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Dance: Soft Diplomacy in the Cold War
Photo: Nationaal Archief, Den Haag


Dance: Soft Diplomacy in the Cold War

by Lynn Matluck Brooks

Two years after the stimulating symposium, Russian Movement Culture of the 1920s and 1930s, the Harriman Institute at Columbia University has produced another remarkable gathering, under Lynn Garafola’s direction, of scholars and artists, this time digging into the topic Dancing the Cold War. Having attended and written about the earlier symposium, I anticipated that the Cold War conference would be at least as provocative. It was.

In the course of the symposium, attendees heard from scholars and artists in a range of fields as they pondered the Cold War not only as a political force, but also as a shaper of individual lives, collective lives, national identities, art-making, and arts policies. Having grown up as a child of the Cold War, I remember the bomb drills in elementary school (huddle under desk with sweater pulled over head), Kennedy’s address to the nation during the Cuban Missile Crisis, Nikita Khrushchev’s shoe-brandishing U.N. speech, and the marches by young Americans protesting arms proliferation. Stimulated by this symposium, I remember even more about growing up in those fearsome times, but these awakened memories are now nuanced by understanding how leaders East and West saw art as a means of breaching ideological barriers, of experiencing the humanity of the Other, of softening explosive political tensions through state-sponsored artistic exchange. The symposium also revealed four perspectives unfamiliar to me: the Cold War pop scene, artistic diplomacy in territories beyond the U.S. and U.S.S.R., artists’ experiences, and the role of archives and documentation in managing historical memory.

Jens Richard Giersdorf revealed the drive of East German authorities to squelch teenagers’ thirst for American rock ‘n’ roll by prescribing “authentic” folk dances, which of course failed to capture popular enthusiasms. Julia Foulkes discussed West Side Story’s complex evolution in handling Cold War themes represented in the musical itself and in U.S.–Soviet tensions over touring the show behind the Iron Curtain. Disco’s magnetic draw on Ukrainian youth was the subject of Sergei Zhuk’s entertaining, if circuitous, reminiscence. And Marsha Seifert  reported on popular Soviet-made dance biopics, particularly the 1983 Anna Pavlova.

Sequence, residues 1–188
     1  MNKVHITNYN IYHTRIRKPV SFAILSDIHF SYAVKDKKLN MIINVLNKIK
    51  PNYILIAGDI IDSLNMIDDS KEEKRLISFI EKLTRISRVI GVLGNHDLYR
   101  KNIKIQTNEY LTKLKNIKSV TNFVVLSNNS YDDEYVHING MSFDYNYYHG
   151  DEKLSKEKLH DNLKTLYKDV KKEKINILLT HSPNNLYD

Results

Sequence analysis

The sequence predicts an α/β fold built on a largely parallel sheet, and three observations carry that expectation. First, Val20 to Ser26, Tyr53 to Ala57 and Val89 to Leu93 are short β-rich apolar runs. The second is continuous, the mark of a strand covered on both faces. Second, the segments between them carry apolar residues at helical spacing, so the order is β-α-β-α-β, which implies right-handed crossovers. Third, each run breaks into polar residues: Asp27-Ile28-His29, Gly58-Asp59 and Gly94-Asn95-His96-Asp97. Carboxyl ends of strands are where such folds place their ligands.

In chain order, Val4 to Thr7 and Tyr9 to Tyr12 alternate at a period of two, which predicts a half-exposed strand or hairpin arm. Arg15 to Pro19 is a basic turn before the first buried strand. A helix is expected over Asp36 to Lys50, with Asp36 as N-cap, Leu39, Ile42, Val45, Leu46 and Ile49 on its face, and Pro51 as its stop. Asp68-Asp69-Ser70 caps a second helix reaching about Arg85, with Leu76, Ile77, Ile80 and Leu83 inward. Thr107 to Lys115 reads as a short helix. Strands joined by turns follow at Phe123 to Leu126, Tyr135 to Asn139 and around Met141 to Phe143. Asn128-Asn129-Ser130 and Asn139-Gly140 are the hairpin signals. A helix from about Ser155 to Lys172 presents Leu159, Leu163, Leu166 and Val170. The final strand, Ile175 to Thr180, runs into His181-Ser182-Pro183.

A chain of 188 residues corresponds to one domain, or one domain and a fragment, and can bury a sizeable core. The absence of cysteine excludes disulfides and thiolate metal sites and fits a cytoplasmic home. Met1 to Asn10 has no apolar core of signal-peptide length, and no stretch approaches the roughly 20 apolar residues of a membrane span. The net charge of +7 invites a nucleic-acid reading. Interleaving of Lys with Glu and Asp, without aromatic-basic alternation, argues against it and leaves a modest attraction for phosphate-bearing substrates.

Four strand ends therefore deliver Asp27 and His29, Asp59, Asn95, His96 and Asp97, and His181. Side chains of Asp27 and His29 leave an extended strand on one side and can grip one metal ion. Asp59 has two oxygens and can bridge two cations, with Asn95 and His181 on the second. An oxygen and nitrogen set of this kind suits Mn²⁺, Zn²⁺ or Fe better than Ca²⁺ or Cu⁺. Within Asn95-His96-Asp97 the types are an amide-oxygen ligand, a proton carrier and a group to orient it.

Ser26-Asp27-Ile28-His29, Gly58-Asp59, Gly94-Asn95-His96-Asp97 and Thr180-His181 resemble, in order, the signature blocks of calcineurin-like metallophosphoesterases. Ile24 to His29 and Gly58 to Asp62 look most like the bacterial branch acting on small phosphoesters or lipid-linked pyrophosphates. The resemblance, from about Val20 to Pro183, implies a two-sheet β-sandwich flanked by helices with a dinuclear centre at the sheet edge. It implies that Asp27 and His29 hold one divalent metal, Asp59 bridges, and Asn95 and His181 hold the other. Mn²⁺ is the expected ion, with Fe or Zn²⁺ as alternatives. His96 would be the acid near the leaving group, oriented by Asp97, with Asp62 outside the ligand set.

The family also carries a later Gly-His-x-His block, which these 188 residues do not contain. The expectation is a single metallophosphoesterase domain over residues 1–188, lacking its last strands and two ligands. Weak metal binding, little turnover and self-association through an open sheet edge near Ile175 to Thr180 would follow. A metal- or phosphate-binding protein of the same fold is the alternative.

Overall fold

Carrying the Cold War beyond the U.S.–Soviet confrontation were papers covering nearly every continent. Eva Shan Chou’s discussion of ballet in China explored the tensions between Chinese and Soviet arts policies and artistic influences. In some ways the strained relations were similar to those experienced in Cuba, as discussed by Elizabeth Schwall, although the powerful Alonso clan retained dominant control of the Caribbean nation’s ballet enterprise. Stephanie Gonçalves told the tragic story of the French defeat at Dien Bien Phu, Vietnam, resulting in cancellation of the Bolshoi Ballet’s Paris season of 1954. Africa felt the influence of American visitors Katherine Dunham, Pearl Primus, and Alvin Ailey and company, which, Joanna Dee Das noted, aroused not only excitement among West Africans, but also, at times, anxiety and even resentment.